But I will point out that the very basic difference twixt the gun culture and for lack of a less accurate term, the Eloi culture is that they're trying to cause a change in our behavior, while we're just trying to get them to leave us the hell alone. They want to take something away from us, whereas we just want them to stop trying to take things away from us. When a robber uses emotion to justify theft, it's a perversion. When a person tries to use emotion to prevent that theft, it's appropriate (even if not the most effective crime prevention strategy).

This news story is about a parent of a child murdered at Newtown who did get emotional, but not in an immoral manner. Mark Mattioli's son was murdered, and he became visibly upset when discussing it. I don't give him a pass because I agree with him (in point of fact I'm against enforcing the laws on the books that deal with mere possession, nor do I hold the murderer's mother in contempt for the actions of her son). I excuse his emotional slip because he did not use that emotion as a trump card to convince me to cede my Rights. There's a video at the bottom of that linked article and it is difficult to watch, but if you choose to I think you'll see how it contrasts with the white house weekly address.

This next video some of y'all probably have already seen. It's a parent of a child in Newtown who testified at the Connecticut state capitol last January. His child wasn't at Sandy Hook, and is alive and well. But he spoke, and with emotion, although a different kind than has been presented so far:

This is another video that I'd hope most, if not all of y'all have seen. It's Suzanna Gratia Hupp speaking to a congressional committee back in the 1990's (presumably regarding the 1994 "assault weapons" ban, though I can't find much detail about the circumstances). She watched as her parents were murdered in a mass shooting several years before. I would not say her testimony is dispassionate as she exhibits a different emotion than stark grief, but neither does she use that emotion to compel anyone to do anything but let her protect those she cares for. But listening to her tell the story of how she lost her parents will likely make the room a bit dusty.

There are quite a few people that have lost loved ones to murderers yet do not support any imposition on my Rights. They typically do not use emotions to convince you to do anything for them, except to stop interfering with their Natural Right to self defense. They want you to leave their weapons alone, and their weapons are their firearms, not their tears and not your empathy.

Some, not all but some of the parents of the children murdered last December in Connecticut decided to use their circumstance and our pity to advance an effort to diminish our Rights. The progressives in favor of eradicating the gun culture lifted them up and have used them, and will continue to use them, to garner support.

I have not seen one Victim as of yet who had a firm grasp of the mechanics of firearms. Facts and logic are not their tools. Statistics occasionally creep in, but I've never found statistics compelling and generally they're just not trustworthy.

No; logic and reason are not what they use to advance the Eloi culture in place of the gun culture. They use emotion, as raw and bare as they can manage to find it. The part that's so dastardly is that they attempt to use our emotions against us. Our natural sympathy at the loss of a parent, our grief over a dead child - those are the things they seek to use to convince us to surrender to them things which would not have changed their situation. Surrendering our Rights, or our firearms, or our magazines, would not have prevented a murderer from committing evil acts. Yet they use emotion to convince us along with everyone else, that the only compassionate thing to do is to cede what actually does keep us safer than we'd otherwise be.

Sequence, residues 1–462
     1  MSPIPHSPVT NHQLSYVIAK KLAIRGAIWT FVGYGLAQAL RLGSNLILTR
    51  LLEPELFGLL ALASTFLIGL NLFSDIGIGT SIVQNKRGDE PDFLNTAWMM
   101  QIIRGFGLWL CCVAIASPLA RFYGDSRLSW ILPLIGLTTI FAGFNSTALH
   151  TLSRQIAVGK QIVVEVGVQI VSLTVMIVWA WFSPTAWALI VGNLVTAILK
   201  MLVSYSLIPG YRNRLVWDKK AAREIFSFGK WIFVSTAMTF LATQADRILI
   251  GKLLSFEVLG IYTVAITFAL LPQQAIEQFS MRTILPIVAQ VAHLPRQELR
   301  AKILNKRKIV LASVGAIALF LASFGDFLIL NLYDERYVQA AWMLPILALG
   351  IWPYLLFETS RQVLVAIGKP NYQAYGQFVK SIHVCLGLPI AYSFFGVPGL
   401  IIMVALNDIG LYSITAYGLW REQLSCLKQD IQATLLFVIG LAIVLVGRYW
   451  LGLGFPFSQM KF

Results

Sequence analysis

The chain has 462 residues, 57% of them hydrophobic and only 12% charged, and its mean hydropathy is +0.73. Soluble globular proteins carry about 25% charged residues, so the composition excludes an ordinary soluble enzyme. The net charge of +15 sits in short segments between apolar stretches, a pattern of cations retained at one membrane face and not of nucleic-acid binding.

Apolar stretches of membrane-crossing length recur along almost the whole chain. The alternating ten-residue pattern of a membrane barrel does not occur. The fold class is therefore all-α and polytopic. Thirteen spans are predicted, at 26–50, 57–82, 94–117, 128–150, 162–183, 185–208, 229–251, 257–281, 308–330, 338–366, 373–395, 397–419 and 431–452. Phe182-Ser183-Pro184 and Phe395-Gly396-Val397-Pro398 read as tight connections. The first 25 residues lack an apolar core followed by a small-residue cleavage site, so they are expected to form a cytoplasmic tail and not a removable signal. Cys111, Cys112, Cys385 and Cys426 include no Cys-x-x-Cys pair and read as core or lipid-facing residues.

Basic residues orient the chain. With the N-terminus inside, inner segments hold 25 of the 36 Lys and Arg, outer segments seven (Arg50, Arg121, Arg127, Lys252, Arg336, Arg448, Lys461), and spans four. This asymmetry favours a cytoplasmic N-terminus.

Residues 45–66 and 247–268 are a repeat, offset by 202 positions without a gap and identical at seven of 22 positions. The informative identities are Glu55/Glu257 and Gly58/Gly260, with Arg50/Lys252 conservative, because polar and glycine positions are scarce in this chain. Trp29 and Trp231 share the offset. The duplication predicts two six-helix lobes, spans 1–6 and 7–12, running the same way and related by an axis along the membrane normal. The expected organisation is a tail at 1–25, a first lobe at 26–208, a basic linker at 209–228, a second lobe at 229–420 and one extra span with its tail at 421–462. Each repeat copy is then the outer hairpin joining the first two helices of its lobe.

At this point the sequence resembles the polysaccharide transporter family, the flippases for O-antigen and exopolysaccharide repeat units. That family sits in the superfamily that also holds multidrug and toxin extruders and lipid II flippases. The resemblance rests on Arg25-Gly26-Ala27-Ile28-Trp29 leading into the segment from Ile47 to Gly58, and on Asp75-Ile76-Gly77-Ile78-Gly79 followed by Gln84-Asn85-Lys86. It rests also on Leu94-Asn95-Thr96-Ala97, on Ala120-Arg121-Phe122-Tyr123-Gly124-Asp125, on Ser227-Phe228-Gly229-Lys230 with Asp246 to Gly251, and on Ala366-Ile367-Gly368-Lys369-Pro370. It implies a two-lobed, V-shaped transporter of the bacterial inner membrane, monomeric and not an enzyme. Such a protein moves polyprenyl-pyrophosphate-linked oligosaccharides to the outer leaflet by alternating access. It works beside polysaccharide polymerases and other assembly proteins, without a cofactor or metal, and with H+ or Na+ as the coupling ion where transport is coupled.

"It's for the children" is something gun owners have heard with such regularity from those who would disarm us that it's a running jokes amongst some of us. But never have I see it used so literally, so unabashedly, as from some of these parents who claim that their children would have wanted us to disarm or that disarmament is the only way to "give meaning" to their departed child's life. Or that just one small step towards "reasonable" control is all they want and to think of their children before saying no.

Quite emphatically, they're holding their dead children up, pushing them in our faces, whilst crying about their pitiable state and using their loss as leverage to overcome our reason, our logic and our morals. They attempt to blackmail and extort using our feelings against us.

Now that's shameful.

Whether they're so twisted that they think this is actually normal, decent or even excusable behavior, or whether it's their emotional pimps in the progressive camp who spur them on to these depths, I have no pity left for them, or any who'd use such an indecent method to garner support for their evisceration of my Rights.

But watch for them. Make note of when they try to create some sense of artificial guilt in you; notice when their voice breaks as they refer to their dead child in the midst of asking, begging, pleading with you to go against reason, Natural Rights and what you've concluded is your own best interest. They'll be appearing often, and the mainstream media will air them as frequently as they can. But don't give these empathic thugs anything; not your time, not your money, and definitely not your pity. Feel for the children, and show them what respect you can as your beliefs provide. But the parents that would use your own emotion to make you fashion your own chains - if they want your emotions, then give them your contempt, for they've earned it.

Posted by Publicola at April 14, 2013 10:18 AM | TrackBack

Yeah the whole victim thing gets old.....when people try to play that card with me I just shut them down with "Hmmm....don't go there and tell me I don't know what it feels like 'cause by YOUR standards I have you beat. My Dad killed himself with a shotgun, and my step-sister was murdered by a coward who took his own life. But you don't see me out there trying to legislate on top of their dead bodies."

I fact, today was the 16th anniversary of his death. I miss him every day, but you know what I did today? I went shooting with the 22 rifle that he gave to me when he felt I was responsible and safe enough to own it.

It is not the tool, it is the actions that you, the owner are responsible for answering. It can be used for good or bad, lawful or unlawful purposes. Never confuse the tool with the actions performed with the tool.

Posted by: JR at April 14, 2013 04:41 PM